Corrective actions

The EITI Board agreed the following corrective actions to be undertaken by Ukraine. Progress in addressing these corrective actions will be assessed in a Validation commencing on 1 April 2023:

  1. In accordance with Requirement 2.6, Ukraine should ensure that the policies and practices regarding the financial relationship between the government and state-owned enterprises are publicly disclosed, and that EITI reporting complements existing disclosures by covering gaps in public disclosures. This includes (i) decisions and practices related to SOEs’ retained earnings, reinvestments, dividends and third-party financing, as well as those of their subsidiaries and joint ventures; (ii) the level of state participation in all SOEs, their subsidiaries, associated companies, joint activities and ventures, and the terms associated with equity shares. Any loans or loan guarantees provided by the government or SOE(s) to oil, gas and mining companies operating within the country should be publicly disclosed, including their total amounts, outstanding balances, interest rates and repayment schedules. Ukraine may wish to use EITI reporting to assess the comprehensiveness of SOEs disclosures through publicly accessible financial statements, and to assess whether additional disclosures are needed by SOEs to fully reflect disclosures of transfers, retained earnings, reinvestment and third-party financing related to SOE joint ventures and subsidiaries.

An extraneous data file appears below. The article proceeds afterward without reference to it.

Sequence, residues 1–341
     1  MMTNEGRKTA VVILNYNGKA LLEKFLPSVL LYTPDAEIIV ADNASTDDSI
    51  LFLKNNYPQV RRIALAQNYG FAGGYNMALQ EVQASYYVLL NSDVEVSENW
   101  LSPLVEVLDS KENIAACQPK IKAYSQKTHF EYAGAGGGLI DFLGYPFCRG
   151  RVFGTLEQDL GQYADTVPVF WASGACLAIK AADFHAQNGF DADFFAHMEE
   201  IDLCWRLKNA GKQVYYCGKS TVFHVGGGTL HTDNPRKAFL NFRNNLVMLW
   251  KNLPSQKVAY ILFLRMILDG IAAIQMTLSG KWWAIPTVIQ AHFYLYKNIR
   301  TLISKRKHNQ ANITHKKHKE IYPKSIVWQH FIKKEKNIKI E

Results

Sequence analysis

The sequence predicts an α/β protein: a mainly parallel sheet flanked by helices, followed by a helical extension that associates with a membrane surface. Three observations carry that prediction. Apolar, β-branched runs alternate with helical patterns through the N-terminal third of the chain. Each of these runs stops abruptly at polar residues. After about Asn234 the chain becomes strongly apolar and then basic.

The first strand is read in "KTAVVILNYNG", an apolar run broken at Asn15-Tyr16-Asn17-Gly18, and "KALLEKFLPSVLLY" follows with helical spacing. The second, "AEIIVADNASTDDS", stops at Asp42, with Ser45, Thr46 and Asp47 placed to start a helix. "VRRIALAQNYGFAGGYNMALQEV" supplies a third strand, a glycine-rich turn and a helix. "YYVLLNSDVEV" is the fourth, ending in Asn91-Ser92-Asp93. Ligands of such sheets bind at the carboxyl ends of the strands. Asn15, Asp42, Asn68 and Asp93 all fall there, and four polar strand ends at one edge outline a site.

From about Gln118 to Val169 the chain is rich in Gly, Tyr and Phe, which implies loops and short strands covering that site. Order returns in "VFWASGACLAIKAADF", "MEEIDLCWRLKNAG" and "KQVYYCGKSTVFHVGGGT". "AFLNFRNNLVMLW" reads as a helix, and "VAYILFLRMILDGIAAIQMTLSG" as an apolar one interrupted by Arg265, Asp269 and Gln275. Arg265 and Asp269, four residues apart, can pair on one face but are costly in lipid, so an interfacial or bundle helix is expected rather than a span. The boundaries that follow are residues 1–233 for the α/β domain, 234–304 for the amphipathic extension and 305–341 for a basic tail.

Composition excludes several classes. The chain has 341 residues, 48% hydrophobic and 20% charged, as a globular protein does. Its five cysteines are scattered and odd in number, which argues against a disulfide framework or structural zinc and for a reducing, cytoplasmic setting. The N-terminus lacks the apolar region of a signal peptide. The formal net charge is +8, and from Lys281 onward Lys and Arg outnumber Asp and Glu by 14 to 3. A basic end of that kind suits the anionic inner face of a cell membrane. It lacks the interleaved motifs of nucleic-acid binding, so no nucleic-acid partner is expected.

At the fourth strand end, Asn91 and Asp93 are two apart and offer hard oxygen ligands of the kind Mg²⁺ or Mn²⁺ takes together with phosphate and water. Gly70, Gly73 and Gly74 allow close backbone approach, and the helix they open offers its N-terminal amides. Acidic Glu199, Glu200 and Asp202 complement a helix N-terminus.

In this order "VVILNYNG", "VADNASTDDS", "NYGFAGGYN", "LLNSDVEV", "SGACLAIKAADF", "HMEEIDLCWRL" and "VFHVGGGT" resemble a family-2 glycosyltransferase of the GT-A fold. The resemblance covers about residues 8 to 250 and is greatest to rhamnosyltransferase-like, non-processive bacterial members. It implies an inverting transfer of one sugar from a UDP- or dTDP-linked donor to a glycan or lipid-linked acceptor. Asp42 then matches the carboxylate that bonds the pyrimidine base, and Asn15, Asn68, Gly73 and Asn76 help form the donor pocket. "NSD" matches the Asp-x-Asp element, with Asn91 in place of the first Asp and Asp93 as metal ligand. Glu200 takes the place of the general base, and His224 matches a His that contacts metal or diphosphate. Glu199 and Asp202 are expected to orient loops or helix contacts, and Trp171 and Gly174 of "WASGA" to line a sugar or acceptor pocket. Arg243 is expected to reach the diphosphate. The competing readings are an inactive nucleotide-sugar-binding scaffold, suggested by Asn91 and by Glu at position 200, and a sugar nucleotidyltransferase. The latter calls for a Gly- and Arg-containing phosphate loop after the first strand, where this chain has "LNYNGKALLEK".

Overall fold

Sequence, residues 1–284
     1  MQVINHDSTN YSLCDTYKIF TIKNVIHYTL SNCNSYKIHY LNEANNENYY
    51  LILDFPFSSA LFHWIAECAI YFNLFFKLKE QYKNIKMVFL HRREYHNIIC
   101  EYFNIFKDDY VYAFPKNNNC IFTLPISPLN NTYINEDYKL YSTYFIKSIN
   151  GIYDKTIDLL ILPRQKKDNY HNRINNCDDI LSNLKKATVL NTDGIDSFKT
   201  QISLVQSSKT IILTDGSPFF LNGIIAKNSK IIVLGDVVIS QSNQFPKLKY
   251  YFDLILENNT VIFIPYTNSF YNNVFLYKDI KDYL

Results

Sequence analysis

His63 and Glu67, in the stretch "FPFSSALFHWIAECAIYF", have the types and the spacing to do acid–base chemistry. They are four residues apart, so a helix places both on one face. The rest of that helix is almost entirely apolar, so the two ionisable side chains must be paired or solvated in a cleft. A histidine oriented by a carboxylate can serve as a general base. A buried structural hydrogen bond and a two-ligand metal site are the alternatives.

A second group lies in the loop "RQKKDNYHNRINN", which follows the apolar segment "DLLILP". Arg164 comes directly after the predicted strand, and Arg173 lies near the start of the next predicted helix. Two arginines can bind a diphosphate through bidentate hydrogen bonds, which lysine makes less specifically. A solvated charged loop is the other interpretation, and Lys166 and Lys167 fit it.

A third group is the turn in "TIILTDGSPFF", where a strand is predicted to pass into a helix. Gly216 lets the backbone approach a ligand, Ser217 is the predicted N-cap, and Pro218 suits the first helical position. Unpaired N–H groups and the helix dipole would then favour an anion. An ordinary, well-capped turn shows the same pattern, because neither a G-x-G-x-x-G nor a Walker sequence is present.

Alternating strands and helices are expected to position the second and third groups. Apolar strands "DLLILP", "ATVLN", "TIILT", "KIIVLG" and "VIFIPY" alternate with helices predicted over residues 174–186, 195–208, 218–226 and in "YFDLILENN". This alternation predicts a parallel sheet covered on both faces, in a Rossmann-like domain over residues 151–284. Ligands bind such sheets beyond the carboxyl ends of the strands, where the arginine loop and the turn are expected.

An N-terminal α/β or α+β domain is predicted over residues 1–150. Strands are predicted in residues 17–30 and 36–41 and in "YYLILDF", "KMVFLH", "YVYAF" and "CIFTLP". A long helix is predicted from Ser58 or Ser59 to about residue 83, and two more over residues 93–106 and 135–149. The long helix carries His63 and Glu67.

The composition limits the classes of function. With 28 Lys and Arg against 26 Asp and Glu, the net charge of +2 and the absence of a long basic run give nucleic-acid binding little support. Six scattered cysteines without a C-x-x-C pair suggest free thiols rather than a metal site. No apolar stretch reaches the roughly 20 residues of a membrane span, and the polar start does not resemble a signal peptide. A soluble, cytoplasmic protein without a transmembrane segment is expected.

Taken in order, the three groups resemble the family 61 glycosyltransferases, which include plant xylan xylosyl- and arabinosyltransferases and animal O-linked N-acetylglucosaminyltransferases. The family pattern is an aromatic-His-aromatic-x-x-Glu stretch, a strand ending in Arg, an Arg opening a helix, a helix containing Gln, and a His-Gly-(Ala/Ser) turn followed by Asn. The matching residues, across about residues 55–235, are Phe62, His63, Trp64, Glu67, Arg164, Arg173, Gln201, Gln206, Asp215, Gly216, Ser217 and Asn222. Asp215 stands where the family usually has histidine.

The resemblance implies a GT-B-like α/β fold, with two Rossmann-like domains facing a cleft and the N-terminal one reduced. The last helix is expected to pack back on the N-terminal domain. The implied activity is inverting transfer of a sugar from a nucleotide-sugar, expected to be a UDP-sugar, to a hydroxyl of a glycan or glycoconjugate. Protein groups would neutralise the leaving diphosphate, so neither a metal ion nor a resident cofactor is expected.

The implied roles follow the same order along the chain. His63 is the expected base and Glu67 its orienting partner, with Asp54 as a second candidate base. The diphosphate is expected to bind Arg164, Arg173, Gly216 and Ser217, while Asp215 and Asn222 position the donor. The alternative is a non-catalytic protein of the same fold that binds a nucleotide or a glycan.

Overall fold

2. In accordance with Requirement 3.2, Ukraine should ensure disclosure of production volumes and values for all extractive commodities produced in Ukraine, including titanium, uranium, and other ores. Ukraine is also encouraged to continue the ongoing efforts related to ensuring that differences in methodologies applied by different agencies are well-explained. Ukraine may also wish to consider systematic disclosure of mining production value data by relevant government entities.